There are some guys on sensible deals: Antonio Brown is contracted until the 2018-2019 season with $8.5 million guaranteed.  Brown has developed into our best receiver this season and Jerricho Cotchery has impressed.  While it saddens me to say, Emmanuel Sanders has developed a dropping problem that will not make him a viable option next season unless he lowers his financial expectations.

Let’s be honest here, we’re done.  Even if we beat Cincinnati, we have to go to Green Bay where we might face Aaron Rodgers.  The Packers look pretty much done as well, so they might shut Rodgers down for the year if his collarbone doesn’t heal fully in the very near future.  That would be bad news for the Steelers as it might put us in a position to win.

We could end up 8-8 for the season.  And what good would it do us?  No playoffs, no good draft pick in a draft where we seem likely to lose one of our late round picks because Coach Tomlin sort of got in Jacoby Jones’s way (what a dumb punishment that is – if you can prove he meant it, ban him! Taking draft picks is the sort of thing that should be done for an ORGANIZATION that has broken the rules, not in cases of an individual who may or may not have).

The solution?  Trades.  The NFL isn’t really a trading league, but we NEED to make some.  Our cap hit is ridiculous next year and our space could be as low as $63k.  Find a team that will take guys like Woodley, even if it means taking 50 cents on the dollar for him.  We could also just cut him and take the cap hit, but perhaps we can bring in draft picks through these trades and we not only badly need them (thanks to Tomlin’s touchline dance) but we need to use them wisely.

Next season is not a total wash yet.  Even if we end up 8-8 we can still put ourselves in a position to perform next season.  It will, however take a lot of creativity on the part of our front office.

Can you still be an elite DB in the modern NFL?

In an interview with CSN’s James Palmer, Houston Texans cornerback Jonathan Joseph spoke about how frustrating he found being a defensive back in the NFL.  Joseph had of course just come off a humiliating second loss to the Jacksonville Jaguars which saw the Texans, who were pre-season candidates for the Superbowl, slump to 2-11 and ultimately cost coach Gary Kubiak his job.  Joseph was but one Texan who has underperformed this season, but happens to play in a position where the shortcomings of an individual can be exposed like no other.

Two years ago, an article appeared on which emphasised that the fact that the NFL had become more of a passing league made life for corners very difficult.  Nnamdi Asomugha (currently of no fixed abode) commented:

It’s like an all-star game now. Fans want to see points. The higher-ups know that, and make life a lot harder on us. I think — I don’t think, I know — the cornerback position is the most difficult position in all of sports.

The rule change on hitting a defenseless receiver made life very difficult for any defensive player who might find themselves tackling a receiver.  The fact that the new rules were being implemented last season with replacement referees made things all the tougher.

Many defensive backs are considerably smaller than their opponents.  This has been the case with long, athletic receivers like Calvin Johnson (6’5″), Andre Johnson (6″3″) and Brandon Marshall (6’4″) for a while, but the emergence of down the field tight ends like 6’6″ Rob Gronkowski and 6’7″ Jimmy Graham has made it even tougher for a guy like the 5’11” Joseph.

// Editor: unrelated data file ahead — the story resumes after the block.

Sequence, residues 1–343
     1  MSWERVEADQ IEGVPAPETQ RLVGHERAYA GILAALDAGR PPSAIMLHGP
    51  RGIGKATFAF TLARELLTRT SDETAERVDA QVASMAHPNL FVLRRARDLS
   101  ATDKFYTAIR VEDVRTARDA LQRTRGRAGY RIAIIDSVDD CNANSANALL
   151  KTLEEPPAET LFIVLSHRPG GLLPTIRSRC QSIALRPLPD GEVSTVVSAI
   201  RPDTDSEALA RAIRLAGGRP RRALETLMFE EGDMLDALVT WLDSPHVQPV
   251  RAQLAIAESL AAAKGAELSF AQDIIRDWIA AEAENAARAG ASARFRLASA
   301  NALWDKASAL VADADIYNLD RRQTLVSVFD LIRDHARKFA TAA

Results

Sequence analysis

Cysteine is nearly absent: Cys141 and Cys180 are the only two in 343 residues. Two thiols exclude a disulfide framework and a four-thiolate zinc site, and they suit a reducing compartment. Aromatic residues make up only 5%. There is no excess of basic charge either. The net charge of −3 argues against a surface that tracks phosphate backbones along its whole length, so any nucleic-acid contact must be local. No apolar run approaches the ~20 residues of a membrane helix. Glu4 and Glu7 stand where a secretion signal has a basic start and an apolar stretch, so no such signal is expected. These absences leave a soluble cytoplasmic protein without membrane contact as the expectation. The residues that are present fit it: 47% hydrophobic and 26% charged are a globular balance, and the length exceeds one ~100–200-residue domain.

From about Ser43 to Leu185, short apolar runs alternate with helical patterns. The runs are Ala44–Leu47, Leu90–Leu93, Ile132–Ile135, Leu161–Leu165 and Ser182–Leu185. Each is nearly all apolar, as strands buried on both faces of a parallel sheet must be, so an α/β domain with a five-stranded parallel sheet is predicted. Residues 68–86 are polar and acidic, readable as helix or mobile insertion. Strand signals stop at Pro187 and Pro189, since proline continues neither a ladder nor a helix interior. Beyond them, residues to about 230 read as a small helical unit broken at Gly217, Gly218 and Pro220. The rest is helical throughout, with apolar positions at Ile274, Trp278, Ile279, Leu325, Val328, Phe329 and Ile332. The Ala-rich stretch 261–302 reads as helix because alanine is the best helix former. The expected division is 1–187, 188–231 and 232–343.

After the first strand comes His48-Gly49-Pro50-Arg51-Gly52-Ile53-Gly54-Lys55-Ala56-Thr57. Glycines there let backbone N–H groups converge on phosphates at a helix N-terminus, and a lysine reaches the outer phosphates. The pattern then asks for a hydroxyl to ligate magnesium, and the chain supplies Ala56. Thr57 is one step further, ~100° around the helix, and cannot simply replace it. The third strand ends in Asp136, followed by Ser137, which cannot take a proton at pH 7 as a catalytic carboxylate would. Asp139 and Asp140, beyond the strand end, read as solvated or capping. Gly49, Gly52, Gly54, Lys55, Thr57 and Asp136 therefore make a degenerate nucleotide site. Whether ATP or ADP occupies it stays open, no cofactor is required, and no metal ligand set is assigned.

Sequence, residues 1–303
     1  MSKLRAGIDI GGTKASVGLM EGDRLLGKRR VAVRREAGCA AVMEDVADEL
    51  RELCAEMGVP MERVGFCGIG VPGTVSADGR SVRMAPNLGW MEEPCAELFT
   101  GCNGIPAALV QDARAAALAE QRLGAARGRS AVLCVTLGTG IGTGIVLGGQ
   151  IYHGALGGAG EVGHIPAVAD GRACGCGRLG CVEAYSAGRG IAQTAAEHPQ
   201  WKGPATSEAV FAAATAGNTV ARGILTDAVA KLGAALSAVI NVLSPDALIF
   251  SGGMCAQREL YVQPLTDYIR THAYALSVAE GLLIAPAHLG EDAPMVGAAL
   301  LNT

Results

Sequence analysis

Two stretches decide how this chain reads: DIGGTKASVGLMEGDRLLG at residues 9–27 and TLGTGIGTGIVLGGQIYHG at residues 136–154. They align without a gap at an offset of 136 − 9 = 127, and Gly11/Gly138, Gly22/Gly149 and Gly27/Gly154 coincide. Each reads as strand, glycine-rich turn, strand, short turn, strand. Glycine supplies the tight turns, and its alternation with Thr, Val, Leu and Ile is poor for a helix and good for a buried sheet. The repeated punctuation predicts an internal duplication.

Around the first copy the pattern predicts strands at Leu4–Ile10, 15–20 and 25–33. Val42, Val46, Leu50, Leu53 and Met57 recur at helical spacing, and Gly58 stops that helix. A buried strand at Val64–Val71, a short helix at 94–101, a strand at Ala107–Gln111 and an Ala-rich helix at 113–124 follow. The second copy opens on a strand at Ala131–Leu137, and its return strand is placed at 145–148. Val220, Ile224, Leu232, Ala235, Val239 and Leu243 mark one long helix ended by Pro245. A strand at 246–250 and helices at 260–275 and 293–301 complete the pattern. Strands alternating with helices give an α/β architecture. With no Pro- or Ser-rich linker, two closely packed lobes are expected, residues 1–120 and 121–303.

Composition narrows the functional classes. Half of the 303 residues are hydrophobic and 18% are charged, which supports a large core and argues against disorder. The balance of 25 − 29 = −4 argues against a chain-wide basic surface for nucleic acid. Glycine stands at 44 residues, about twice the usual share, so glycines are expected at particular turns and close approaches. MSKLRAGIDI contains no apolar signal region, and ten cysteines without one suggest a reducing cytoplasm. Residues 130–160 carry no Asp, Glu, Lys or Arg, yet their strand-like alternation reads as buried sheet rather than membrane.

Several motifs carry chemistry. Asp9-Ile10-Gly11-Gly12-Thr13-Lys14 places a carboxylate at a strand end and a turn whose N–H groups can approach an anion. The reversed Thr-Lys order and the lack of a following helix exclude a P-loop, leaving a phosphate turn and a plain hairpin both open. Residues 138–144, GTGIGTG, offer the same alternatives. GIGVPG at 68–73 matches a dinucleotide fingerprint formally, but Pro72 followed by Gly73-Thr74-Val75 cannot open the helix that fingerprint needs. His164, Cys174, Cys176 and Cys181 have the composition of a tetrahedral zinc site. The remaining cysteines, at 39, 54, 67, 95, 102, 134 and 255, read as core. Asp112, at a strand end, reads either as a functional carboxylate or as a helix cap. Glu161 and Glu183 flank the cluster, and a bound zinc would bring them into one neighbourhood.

Perhaps the toughest rule to overcome is the NFL’s “spot of the foul” pass interference rule.  This rule is messed up from both perspectives.

The recent Patriots-Panthers game ended with a pass interference call being overturned because the pass that Tom Brady threw to Rob Gronkowski, the subject of the interference, was deemed uncatchable.  Unfortunately the NFL only goes so far as to define “uncatchable” as “clearly” which is a super-subjective rule to allow for what can be a particularly expensive penalty.

From the defensive perspective, the rule can be very expensive.  If you are chasing a receiver down the field and are deemed to have impeded his ability to catch the ball, you will be penalized as if the receiver had caught the ball at the spot of the foul.  In theory this could be almost a length-of-the-field penalty.  Again, the subjectivity of the call is very high.  It is well known that many coaches tell their players to play physically because the referees are unlikely to call penalties on every single play.  This is clearly related to the additional protection afforded to both passers and receivers under the new (ish) laws: the game is more entertaining when huge catches are made.

The people who lose out, unfortunately enough for them, are the defensive backs who end up with all these penalty yards against their name.  This season, Joseph has accounted for 55 penalty yards, two of which have been on third down.

The Tampa Bay Buccaneers give up 77 yards a game in penalties, the most in the NFL.  Second is Seattle who give up 74.25. What do these two teams have in common?  They both have supposedly “elite” cornerbacks in the shape of Darrelle Revis and Richard Sherman.

In his career, Sherman has given up 176 penalty yards; 81 this season.  Of his five penalties this season, three are for pass interference, two for unnecessary roughness.  Revis has been more successful, giving up 132 yards and only three this season (in a pass interference call).  Revis is also two years longer tenured than Sherman.  Sherman is, however, the member of the more successful team.

So it can be argued that it is indeed still possible to be an elite cornerback in the 2013 NFL, it’s just a lot harder than it used to be.

Johnny Man-NFL?

Nice pun there, don’t you think?

My time in Texas has happily coincided with the tenure of Johnny Manziel as the quarterback of the Texas A&M Aggies.  His first game for the Aggies was back in early September 2012 against Florida, where he went 23/30 for 173 yards with a rushing TD in a loss before throwing for four and running in two further TDs the following week at Southern Methodist.  His signature performance was of course the famous road win in Tuscaloosa, but the Cotton Bowl demolishing of Oklahoma was also noteworthy.  Manziel was a worthy Heisman winner, the first (redshirt) freshman to win it ever.